Coming just five weeks after Warren Buffett's annual letter to Berkshire shareholders, JP Morgan CEO Jamie Dimon has published what CNBC has described as the "second-most anticipated CEO missive of the year". In this year's letter to JP Morgan shareholders, Dimon followed a familiar format: First touting the banks record revenue and earnings in 2018 (noting that the bank's profits are at an all-time high, even without the boost from the Trump tax cuts), warned that the bout of market volatility in Q4 may be a "harbinger" of things to come, inveighed against the forces that are "fraying" the American dream, and articulated a passionate defense of capitalism as a "force for good."
After US stocks started the year with one of their best quarterly advances in years, shrugging off signs that global fundamentals are deteriorating amid an environment of looming political risks (the US-China trade war, Brexit, the looming US debt ceiling battle), Dimon commented that though everything is awesome right now, the volatility in Q4 might be a "harbinger of things to come" - though he of course remains "optimistic" about the long-term outlook for markets.
In the second section of this letter, I comment on important forward-looking issues. While we remain optimistic about the long-term growth of the United States and the world, the near-term economic and political backdrop is increasingly complex and fraught with risks — both known and unknown. And we face a future with less overall confidence in virtually all institutions, from corporations to governments to the media. The extremely volatile global markets in the fourth quarter of 2018 might be a harbinger of things to come — creating both risks for our company and opportunities to serve our clients.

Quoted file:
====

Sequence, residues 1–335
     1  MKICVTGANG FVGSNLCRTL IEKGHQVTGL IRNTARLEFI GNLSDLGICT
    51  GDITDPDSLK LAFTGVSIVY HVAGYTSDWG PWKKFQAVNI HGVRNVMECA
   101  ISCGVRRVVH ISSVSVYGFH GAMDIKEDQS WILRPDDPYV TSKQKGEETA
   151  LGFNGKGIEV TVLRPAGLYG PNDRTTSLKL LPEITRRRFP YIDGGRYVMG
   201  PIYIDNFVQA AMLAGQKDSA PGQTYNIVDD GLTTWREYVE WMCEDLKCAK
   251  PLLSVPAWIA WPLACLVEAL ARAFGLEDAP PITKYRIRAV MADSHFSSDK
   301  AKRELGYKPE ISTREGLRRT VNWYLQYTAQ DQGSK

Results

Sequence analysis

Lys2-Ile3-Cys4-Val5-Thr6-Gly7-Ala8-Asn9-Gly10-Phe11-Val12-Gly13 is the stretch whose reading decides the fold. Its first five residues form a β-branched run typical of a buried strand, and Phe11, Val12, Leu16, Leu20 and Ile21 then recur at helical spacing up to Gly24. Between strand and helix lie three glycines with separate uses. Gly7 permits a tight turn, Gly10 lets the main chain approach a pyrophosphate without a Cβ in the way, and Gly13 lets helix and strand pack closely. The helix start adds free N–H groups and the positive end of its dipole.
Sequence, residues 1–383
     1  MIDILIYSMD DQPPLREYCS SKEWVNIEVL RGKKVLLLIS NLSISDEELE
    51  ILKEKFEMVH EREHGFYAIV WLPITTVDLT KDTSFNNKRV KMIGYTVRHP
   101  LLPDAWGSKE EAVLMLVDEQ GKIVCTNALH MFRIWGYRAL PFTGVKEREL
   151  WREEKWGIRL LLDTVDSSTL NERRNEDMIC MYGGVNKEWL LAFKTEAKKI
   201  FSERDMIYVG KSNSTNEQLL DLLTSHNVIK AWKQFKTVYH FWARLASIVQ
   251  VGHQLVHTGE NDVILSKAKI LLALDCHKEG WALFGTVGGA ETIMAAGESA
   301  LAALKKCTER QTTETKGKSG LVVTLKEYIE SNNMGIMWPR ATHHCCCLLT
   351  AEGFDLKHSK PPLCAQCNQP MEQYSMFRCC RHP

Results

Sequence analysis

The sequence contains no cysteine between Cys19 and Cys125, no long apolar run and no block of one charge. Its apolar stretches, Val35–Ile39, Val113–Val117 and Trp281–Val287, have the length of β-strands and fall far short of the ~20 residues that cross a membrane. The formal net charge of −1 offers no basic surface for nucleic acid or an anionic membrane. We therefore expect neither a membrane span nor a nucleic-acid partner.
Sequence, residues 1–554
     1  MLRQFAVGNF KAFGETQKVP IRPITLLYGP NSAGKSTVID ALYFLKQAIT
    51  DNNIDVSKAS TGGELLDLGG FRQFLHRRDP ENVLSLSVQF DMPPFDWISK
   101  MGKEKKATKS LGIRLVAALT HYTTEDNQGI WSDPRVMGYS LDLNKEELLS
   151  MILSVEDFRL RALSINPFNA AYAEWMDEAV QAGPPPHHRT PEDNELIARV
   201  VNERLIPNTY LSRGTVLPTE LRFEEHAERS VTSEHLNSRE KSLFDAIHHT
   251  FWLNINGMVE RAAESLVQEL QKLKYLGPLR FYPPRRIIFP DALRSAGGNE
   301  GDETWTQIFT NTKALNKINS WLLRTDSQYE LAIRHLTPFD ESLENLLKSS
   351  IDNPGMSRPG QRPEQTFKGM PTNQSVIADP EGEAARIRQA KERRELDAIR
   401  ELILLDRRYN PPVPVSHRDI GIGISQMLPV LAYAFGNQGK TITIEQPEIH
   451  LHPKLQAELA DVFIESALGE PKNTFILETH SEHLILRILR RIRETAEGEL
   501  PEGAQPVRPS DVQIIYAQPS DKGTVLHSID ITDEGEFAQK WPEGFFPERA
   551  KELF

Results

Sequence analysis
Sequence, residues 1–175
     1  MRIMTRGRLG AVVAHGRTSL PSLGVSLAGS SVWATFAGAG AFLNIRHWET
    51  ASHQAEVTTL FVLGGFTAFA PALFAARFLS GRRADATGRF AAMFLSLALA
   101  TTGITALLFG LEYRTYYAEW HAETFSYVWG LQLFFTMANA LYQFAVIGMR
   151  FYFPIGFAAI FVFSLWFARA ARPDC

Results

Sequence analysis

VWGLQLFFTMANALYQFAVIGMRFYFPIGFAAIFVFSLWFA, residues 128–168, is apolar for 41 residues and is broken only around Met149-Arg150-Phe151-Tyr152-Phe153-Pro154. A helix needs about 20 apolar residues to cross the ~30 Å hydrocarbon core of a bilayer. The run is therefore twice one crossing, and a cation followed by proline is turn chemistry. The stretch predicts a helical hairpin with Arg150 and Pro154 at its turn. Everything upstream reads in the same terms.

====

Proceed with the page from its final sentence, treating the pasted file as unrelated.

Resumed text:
Tapping into the political zeitgeist, where the debate about the growing popularity of so-called "Democratic socialism" has been raging since Democrats took back the House, Dimon offered a principled defense of capitalism as the most successful economic system in the history of the world, while condemning socialism as a road to authoritarianism and mass-poverty. That's not to say that the social democracies in the Nordic countries have a model that works for them, and that capitalism as the US practices it can't be improved - rather, socialism in its true form - that is government control over the economy - would be an unmitigated disaster, as history has repeatedly demonstrated.
There is no question that capitalism has been the most successful economic system the world has ever seen. It has helped lift billions of people out of poverty, and it has helped enhance the wealth, health and education of people around the world. Capitalism enables competition, innovation and choice. This is not to say that capitalism does not have flaws, that it isn’t leaving people behind and that it shouldn’t be improved. It’s essential to have a strong social safety net – and all countries should be striving for continuous improvement in regulations as well as social and welfare conditions.